Cannabis Growth Not a Protectable Property Interest, Rules Fed. Judge

The Eastern District of Washington published an order Tuesday following a legal claim brought by a cannabis farmer, known as “Grandpa Bud”, that alleged the defendant, Chelan County in Washington State, violated constitutional substantive and procedural due process by implementing a regulation resulting in a discontinuation of plaintiff’s ability to grow cannabis in the county. The court granted summary judgment in favor of the defendant after deciding that the plaintiff possessed no constitutionally protected property interest in the loss of ability to cultivate cannabis on his land.

The plaintiff claimed that the defendant passed Resolution 2017-75, which required, via an amendment to the county code, any “cannabis production…operations” to comply with certain requirements, such as requiring the lot on which the cannabis is produced to be at least 1500 feet away from the property line of any lot in a residential zone, by March 1, 2018, or cease operations. The plaintiff further asserted the cannabis production operation “could not comply with the amendments adopted…due to its location” and ceased operations in 2017. In June of 2019, the plaintiff filed a complaint averring a violation of due process under 42 USC Sec. 1983. Sec. 1983 allows for damages when a person or entity acting “under color of state law” engaged in conduct that proximately caused a violation of rights of the plaintiff “protected by the Constitution or created by a federal statute.”

The court determined that no analysis of a substantive or procedural due process violation proved necessary until the plaintiff first established a valid property interest recognized under federal law or the Constitution. The plaintiff argued that the resolution resulted in a failure of the plaintiff to recoup his investment of “hundreds of thousands of dollars in the…property…through the construction of specialized greenhouses unique to cannabis cultivation” and that consequently the “property cannot reasonably be put to another profitable agricultural use.” Theretofore, the defendant’s conduct allegedly violated the plaintiff’s constitutionally recognized property interest “in its nonconforming land use, which previously conformed with Chelan County’s zoning ordinances.”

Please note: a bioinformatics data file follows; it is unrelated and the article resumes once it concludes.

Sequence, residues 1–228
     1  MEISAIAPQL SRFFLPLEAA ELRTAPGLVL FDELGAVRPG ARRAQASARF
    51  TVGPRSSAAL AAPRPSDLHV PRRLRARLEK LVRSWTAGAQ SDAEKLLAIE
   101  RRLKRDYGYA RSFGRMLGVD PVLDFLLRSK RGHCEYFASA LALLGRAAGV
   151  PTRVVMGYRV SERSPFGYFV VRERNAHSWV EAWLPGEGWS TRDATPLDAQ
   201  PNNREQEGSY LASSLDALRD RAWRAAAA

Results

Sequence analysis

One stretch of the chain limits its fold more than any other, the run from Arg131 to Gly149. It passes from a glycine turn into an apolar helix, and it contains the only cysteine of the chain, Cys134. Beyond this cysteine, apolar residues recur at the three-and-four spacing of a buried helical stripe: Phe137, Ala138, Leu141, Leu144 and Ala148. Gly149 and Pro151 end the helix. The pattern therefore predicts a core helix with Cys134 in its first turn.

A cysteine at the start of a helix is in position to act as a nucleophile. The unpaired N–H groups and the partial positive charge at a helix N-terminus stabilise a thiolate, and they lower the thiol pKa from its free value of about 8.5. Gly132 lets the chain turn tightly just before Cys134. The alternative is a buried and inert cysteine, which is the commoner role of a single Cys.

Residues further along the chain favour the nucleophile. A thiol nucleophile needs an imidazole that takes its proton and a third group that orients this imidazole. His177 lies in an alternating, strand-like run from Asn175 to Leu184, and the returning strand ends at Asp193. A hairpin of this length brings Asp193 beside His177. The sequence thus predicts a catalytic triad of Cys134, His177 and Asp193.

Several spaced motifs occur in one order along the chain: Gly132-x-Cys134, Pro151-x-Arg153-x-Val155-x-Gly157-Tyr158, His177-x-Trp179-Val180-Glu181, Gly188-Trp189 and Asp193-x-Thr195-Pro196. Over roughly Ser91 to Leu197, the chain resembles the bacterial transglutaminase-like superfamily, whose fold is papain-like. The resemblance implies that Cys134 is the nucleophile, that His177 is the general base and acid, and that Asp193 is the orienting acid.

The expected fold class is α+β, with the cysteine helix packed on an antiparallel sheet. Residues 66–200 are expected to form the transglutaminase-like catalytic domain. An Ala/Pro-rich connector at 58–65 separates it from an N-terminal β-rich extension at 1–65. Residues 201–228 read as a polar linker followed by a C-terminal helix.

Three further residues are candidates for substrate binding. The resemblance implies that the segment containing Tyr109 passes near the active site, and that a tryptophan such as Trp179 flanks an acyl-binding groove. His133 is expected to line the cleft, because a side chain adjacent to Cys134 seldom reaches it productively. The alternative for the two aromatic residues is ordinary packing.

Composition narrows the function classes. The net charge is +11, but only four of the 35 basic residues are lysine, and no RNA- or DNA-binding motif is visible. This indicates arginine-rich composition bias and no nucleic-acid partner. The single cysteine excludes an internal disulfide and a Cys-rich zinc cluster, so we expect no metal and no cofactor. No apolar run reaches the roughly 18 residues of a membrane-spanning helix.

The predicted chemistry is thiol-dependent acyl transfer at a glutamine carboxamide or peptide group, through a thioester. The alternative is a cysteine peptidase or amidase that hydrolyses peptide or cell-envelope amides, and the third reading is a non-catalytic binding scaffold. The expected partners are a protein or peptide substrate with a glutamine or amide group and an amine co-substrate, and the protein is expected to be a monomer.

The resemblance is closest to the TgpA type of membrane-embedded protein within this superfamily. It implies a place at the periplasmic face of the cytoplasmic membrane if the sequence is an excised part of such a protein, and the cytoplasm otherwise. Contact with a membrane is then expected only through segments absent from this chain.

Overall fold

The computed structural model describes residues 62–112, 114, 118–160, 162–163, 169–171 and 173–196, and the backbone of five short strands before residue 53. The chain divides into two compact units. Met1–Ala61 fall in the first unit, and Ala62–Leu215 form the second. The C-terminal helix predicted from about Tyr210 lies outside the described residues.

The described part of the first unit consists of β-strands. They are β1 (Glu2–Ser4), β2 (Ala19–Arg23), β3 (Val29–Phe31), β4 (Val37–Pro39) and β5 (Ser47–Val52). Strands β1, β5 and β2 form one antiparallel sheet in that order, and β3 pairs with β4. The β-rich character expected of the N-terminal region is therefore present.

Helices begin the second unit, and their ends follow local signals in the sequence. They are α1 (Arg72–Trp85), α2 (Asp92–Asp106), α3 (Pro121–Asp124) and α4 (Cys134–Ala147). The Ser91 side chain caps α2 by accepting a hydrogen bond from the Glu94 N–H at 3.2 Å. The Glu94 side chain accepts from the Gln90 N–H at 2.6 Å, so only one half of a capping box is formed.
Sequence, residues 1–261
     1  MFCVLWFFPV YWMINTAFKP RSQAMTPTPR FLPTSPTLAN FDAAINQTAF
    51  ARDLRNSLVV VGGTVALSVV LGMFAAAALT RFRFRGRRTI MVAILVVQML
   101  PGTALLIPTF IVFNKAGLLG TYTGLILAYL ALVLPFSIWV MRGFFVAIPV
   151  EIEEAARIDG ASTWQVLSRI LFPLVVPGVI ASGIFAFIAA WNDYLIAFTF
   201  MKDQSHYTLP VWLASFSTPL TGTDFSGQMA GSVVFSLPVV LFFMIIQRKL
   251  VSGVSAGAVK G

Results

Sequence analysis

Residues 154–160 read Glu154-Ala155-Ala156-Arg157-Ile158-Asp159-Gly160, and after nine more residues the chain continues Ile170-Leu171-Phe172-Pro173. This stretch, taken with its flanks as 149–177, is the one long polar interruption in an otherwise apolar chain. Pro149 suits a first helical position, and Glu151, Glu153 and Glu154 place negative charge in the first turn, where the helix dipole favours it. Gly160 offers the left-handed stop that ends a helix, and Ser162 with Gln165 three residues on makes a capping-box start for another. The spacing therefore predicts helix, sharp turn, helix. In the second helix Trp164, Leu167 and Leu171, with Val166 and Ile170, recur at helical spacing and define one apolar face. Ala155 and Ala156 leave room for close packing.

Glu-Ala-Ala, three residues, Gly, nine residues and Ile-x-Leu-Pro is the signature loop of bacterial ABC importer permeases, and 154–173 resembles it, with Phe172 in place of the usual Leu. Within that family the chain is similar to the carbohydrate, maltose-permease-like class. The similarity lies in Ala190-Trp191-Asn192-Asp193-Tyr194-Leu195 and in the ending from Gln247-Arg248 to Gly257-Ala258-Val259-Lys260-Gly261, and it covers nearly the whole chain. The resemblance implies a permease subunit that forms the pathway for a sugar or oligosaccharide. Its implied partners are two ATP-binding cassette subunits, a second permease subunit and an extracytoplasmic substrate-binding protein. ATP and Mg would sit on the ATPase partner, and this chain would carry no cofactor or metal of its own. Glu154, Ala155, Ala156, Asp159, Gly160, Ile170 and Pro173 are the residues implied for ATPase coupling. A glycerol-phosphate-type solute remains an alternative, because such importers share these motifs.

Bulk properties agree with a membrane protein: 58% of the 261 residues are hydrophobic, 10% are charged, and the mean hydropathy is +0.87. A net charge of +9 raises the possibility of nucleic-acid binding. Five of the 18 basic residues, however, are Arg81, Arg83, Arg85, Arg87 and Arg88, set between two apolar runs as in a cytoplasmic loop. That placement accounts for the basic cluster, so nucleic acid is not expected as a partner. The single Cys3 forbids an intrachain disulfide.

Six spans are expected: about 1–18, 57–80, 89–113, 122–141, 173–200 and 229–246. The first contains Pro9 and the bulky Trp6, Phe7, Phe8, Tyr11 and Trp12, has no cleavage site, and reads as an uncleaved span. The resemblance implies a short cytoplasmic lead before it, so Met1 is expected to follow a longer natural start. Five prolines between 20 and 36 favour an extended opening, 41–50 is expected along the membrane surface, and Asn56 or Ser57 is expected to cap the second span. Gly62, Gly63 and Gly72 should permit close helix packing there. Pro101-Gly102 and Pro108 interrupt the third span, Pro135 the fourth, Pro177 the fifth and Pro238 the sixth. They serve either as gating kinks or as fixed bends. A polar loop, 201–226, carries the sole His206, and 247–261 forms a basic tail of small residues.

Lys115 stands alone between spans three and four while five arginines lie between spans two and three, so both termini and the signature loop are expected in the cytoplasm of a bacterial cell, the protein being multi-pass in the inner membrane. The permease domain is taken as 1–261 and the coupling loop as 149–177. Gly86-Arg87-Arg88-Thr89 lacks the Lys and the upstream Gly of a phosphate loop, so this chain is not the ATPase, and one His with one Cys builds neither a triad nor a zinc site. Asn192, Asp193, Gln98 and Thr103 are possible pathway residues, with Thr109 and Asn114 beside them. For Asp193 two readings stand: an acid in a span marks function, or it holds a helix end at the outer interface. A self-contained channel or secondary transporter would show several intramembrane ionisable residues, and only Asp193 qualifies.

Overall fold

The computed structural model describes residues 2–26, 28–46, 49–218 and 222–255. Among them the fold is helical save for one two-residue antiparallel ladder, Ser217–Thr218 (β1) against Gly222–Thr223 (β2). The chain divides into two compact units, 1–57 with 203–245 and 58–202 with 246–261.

The court ultimately disagreed with the plaintiff’s alleged property interest. The court stated that while “[a]n ordinance requiring an immediate cessation of a nonconforming use may be held to be unconstitutional because it brings about a deprivation of property rights out of proportion to the public benefit obtained,” that the resolution provided a 24 month amortization period which, under Washington law, allows the end of a nonconforming use “without depriving a landowner of his property interest in the nonconforming use.”

The court went further to say that, amortization period aside, that the plaintiff’s “alleged property interest in its nonconforming land use cannot easily be distinguished from its production of cannabis,” which is illegal under the federal Controlled Substances Act and “not a protectable property interest under the…Constitution.” As such, the court concluded, “Because Grandpa Bud has failed to show a property interest that is protected by the U.S. Constitution, Grandpa Bud’s federal procedural and substantive due process claims fail as a matter of law.”